Rich pickings for arts lovers as fest does Mzansi proud

DISHING IT UP: Ntomboxolo Donyeli and Andrew Buckland.

DISHING IT UP: Ntomboxolo Donyeli and Andrew Buckland.

Published Dec 21, 2010


The State Theatre’s Mzansi Fela festival was amplified this year and boasted the kind of variety that can only signal its growth.

From music to theatre it was a bumper season of artistic treats. Music acts included the likes of Prime Circle, Lira, Freshlyground, gospel singer Solly Mahlangu and the Tshwane Gospel Choir.

Keeping with the Christmas spirit, a special show called Carols Go Jazz, which has been travelling the country and is headlined by the jazz songstress and Standard Bank Young Artist Award winner for Jazz 2010, Melanie Scholtz, was also slotted in.

Theatrical highlights included the three productions in the mainstream theatre programme – Andrew and Janet Buckland’s Breed from the Ubom Eastern Cape Drama Company, Mbali Kgosidintsi’s Tseleng – The Baggage of Bags, directed by Sara Matchett of Mothertongue projects, and Thapelo Motloung’s Spirit and Bones.

Breed and Tseleng are this year’s highlights from the National Arts Festival in Grahamstown. Breed deals sensitively and poetically with South African race issues, some of which are still prevalent in rural areas. The play uses the music of Bach as the sound- track and the thread that binds together this tale of loss, anger and denial. It’s a brilliant piece of work that sees the coming together of two different worlds.

Tseleng charms with the way it uses myths and a contemporary narrative to tell the story of a woman with a nomadic lifestyle and a lot of baggage. Mbali Kgosidintsi effectively delivers her one- woman show with a competent script.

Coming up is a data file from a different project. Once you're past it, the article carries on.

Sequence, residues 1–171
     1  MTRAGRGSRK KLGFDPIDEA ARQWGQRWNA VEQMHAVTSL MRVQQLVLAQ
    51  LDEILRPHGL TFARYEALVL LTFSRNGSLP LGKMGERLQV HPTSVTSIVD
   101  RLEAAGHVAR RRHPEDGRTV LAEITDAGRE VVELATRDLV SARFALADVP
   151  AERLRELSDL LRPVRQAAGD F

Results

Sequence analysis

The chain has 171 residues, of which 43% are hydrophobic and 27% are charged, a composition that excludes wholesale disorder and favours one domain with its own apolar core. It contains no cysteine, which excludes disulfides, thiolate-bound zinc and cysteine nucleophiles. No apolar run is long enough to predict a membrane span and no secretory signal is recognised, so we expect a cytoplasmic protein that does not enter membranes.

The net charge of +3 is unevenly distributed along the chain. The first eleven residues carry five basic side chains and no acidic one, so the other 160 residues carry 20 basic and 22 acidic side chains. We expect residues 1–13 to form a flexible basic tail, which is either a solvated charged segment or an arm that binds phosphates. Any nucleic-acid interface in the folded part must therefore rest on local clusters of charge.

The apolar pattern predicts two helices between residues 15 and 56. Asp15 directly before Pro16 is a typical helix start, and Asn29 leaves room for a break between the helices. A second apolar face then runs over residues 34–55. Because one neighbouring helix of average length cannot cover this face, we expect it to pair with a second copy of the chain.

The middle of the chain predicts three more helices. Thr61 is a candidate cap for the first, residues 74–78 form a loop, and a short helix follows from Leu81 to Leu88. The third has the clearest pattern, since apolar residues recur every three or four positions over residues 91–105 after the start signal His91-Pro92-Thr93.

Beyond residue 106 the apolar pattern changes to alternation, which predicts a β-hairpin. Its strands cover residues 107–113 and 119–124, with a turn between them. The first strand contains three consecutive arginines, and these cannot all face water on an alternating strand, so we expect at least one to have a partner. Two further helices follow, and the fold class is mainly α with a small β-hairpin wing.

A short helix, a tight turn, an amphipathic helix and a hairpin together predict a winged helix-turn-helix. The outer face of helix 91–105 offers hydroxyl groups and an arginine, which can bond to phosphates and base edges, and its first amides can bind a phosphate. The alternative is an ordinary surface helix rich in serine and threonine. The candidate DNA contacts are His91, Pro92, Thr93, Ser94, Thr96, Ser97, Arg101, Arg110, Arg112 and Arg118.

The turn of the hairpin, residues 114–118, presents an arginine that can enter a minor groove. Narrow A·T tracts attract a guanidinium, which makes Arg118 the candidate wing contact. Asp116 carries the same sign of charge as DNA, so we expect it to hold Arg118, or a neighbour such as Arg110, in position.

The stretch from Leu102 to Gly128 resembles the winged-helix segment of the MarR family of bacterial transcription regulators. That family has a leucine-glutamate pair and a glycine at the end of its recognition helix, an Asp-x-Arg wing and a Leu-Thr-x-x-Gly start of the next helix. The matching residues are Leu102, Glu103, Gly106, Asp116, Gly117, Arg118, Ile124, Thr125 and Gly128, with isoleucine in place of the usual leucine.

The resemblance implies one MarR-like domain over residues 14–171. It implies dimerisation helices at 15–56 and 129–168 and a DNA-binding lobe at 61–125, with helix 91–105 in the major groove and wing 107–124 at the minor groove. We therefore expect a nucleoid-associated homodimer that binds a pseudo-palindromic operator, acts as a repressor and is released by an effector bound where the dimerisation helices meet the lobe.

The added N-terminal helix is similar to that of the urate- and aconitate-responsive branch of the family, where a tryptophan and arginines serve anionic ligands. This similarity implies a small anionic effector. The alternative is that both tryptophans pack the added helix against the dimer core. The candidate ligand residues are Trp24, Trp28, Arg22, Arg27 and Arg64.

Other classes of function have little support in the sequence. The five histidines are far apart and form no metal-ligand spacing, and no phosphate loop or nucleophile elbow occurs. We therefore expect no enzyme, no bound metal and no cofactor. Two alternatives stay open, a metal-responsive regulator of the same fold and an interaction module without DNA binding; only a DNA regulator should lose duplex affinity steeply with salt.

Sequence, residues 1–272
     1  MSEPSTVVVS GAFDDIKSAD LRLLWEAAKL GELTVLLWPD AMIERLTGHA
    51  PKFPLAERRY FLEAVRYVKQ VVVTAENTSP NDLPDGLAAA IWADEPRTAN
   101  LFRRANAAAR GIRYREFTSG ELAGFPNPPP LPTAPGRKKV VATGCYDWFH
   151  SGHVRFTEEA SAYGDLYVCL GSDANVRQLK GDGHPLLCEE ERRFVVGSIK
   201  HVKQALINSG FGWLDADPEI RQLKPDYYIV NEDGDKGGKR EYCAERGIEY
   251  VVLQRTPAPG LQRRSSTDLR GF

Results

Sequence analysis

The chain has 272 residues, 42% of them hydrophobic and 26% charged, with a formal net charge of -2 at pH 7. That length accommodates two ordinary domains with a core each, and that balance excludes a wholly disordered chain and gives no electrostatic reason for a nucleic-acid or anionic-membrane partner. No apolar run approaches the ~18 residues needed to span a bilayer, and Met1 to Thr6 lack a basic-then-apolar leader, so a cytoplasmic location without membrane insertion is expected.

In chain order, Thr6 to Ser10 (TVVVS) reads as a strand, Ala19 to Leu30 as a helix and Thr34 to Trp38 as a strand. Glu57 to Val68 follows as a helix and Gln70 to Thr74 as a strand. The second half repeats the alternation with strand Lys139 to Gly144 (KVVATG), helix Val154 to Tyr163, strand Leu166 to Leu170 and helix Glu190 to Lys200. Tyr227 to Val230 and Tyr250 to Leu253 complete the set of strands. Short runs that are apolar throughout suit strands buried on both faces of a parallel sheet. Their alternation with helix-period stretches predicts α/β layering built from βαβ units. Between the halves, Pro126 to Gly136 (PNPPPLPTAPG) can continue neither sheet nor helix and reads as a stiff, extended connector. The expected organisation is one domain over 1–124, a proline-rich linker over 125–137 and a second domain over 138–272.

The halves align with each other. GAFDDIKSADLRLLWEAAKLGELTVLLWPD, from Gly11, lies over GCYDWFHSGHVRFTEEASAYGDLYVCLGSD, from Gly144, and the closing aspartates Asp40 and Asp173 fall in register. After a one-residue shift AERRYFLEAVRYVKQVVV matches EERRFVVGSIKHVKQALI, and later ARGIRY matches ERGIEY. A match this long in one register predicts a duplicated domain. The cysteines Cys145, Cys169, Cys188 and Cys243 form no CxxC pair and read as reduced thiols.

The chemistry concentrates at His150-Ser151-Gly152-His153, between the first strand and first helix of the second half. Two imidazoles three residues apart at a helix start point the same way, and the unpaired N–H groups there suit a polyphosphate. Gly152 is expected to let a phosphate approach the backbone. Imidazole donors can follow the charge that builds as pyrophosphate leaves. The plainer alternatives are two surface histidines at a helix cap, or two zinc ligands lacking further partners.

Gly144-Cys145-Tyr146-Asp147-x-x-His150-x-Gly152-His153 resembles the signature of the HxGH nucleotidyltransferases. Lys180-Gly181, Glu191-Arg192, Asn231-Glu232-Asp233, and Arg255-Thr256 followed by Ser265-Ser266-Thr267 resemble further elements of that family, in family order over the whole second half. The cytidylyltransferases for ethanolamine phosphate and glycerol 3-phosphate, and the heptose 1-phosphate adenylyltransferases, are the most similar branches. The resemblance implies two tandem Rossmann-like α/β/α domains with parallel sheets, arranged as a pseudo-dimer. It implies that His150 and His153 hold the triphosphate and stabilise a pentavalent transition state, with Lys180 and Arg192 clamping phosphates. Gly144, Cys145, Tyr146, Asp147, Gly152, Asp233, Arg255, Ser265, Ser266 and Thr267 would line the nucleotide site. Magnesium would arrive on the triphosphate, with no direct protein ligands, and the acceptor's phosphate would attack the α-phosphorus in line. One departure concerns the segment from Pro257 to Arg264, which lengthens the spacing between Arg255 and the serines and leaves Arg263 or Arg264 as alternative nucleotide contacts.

Walking into the theatre, you are asked to write down on a piece of paper any issue you are struggling with. At the end of the show, you’re asked to shred that piece of paper and throw it in the washing basket that forms part of the set, thus signalling letting go of your problems.

The show is funny, sad and poignant, easily getting its hooks in you.

Spirit and Bones surprises by how accurate it is in telling its story. Many productions have attempted to depict what happens in the spiritual world, or when one is chosen by ancestors to become an inyanga or a healer. Spirit and Bones comes very close to that.

It also intrigues with its music and spunky choreo- graphy. It enters the spiritual realm with bravery and creativity.

While the State Theatre and the festival improve, they also lag in some areas. Getting audiences for some shows is still a problem. And some miscommunication adds to the disorganisation when some shows are rescheduled or cancelled at the last minute.

But the Manzi Fela fest is stamping its presence on the arts world and we’ll wait to see what it dishes up next year. - Tonight

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